Teachers likely to disappear? Yes indeed, some of them. They are unlikely to become fully extinct, but a lot is changing in the educational systems. Online learning is causing a true revolution in teaching models. Online learning platforms like MOOCs and SPOCs are popping up like flowers in the spring. For example, MIT currently offers over 2000 courses online. In the future, I expect there will be fewer teachers and professors and more coaches, course designers and learning camps. It’s not that there will be less teaching jobs, but it’s about fulfilling a new need in the market.
Savvy sites that allow you to book your own vacation by using booking websites such as Kayak, Couchsurfing and Airbnb. They are ultimate answer for mobile users who prefer speed over personal service. Staff.com co-founder Rob Rawson wrote in his blog that websites provide a custom-made service that rivals even the most efficient human travel agent. So, do we really still need a dedicated travel agent to purchase your air fare or plan an itinerary? With Bing Travel, Google Flights and quite a collection of other flight-search engines, finding cheap tickets and booking low-prized rooms is becoming very easy. What do you think the chances are that we’ll still see this profession within 10 years?
Technology is already heading towards intelligent automation in air traffic. John L. Petersen, pilot and opinion leader, wrote that drones and other unmanned carriers will become part of the global aircraft fleet, due to the combination of ubiquitous connectivity, increasing bandwidth, advanced sensors and decreasing cost. Doing research and collecting information for weather and flight plans will be taken over by artificial intelligence agents. This will cause less need for traditional pilots and traffic controllers.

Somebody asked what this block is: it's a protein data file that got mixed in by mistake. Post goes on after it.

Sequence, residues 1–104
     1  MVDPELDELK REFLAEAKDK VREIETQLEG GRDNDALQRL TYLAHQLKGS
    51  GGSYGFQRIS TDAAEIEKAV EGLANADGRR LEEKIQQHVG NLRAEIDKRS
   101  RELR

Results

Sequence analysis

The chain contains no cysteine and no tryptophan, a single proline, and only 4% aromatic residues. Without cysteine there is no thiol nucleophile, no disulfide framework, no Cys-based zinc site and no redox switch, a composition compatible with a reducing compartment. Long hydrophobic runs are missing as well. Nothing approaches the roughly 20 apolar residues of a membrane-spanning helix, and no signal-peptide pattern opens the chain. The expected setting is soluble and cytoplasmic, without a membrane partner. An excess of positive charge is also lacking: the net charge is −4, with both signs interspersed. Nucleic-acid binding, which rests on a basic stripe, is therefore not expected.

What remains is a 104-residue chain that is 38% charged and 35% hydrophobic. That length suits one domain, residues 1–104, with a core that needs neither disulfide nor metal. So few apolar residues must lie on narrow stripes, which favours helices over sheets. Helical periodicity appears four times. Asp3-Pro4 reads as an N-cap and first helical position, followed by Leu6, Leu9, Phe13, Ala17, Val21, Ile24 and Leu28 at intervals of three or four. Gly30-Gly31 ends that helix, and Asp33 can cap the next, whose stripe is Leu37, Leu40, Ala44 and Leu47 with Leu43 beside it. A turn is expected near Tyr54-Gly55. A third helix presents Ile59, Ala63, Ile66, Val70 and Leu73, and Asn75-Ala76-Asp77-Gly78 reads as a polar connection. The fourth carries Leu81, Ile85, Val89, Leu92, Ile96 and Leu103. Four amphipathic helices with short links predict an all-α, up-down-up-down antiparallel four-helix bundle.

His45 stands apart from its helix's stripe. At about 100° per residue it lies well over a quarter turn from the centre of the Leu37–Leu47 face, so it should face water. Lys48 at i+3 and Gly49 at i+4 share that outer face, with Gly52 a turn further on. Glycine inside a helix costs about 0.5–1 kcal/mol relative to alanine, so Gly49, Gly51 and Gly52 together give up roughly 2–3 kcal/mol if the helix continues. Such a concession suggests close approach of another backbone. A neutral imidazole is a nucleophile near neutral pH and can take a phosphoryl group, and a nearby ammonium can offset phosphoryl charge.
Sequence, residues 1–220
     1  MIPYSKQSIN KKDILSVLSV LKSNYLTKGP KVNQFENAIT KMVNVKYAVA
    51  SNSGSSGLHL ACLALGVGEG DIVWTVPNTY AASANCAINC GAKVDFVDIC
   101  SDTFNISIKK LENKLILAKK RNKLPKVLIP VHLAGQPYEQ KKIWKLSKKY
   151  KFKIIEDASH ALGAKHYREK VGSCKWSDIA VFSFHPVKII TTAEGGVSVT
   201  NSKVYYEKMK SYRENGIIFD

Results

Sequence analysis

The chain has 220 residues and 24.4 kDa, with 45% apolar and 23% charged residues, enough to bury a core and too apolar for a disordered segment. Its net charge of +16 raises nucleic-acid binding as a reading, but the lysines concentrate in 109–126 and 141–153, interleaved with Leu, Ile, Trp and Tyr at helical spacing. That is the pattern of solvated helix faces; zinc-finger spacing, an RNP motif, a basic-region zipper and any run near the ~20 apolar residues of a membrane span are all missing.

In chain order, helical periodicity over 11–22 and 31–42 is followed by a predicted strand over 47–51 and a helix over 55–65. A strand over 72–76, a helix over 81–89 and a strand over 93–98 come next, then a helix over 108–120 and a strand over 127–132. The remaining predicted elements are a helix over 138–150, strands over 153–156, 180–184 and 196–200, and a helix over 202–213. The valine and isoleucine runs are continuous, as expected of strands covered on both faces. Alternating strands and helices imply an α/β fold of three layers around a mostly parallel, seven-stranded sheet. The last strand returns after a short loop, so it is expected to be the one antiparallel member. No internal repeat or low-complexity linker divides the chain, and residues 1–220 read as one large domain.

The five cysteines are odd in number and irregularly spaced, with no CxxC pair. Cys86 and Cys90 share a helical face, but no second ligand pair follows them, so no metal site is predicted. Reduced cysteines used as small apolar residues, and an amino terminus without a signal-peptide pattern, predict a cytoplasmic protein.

As things get more and more automated, the less people will be needed to run things manually. This means no agricultural workers that need to be walking up and down the fields to pick plants. Technology is becoming increasingly efficient. A massive autonomous machine will pick plants or sow faster. Also cheaper compared to paying a complete workforce. Soon one or two people can run an entire farm. A new era for agriculture.
Self-checkouts in stores or at gas stations are becoming a commonness in the payment landscape. Mostly it’s faster for the customer and cheaper for the store owner. Although today’s technology is often still requiring people to individually have their items scanned by a human, I expect that in the future you’ll even be able to put all your items in the cart and walk out of the store without passing a cash register. A smart scanner will probably scan all the items within seconds and charge your account. Really convenient, except when security measures prevent you from leaving due to insufficient funds…
Next to these 10 jobs there will be a lot more jobs that will change drastically or disappear. I’m very curious to read about the jobs you think will be subject to changes through technology and innovation? Let me know!
This article was originally published on www.arjenvanberkum.nl.
About Arjen van Berkum Arjen van Berkum is columnist, motivator, bon vivant, innovation fan and visiting lecturer at Delft University of Technology (TU Delft). He is founder and Managing Director of Betula Services. At Betula Services they believe in co-creating the best possible value chain. They have the answer to complex issues surrounding Resource Management, driven by innovation, leadership, HR processes and performance management. By making you successful Betula Services gradually phases themselves out - the result of co-creation.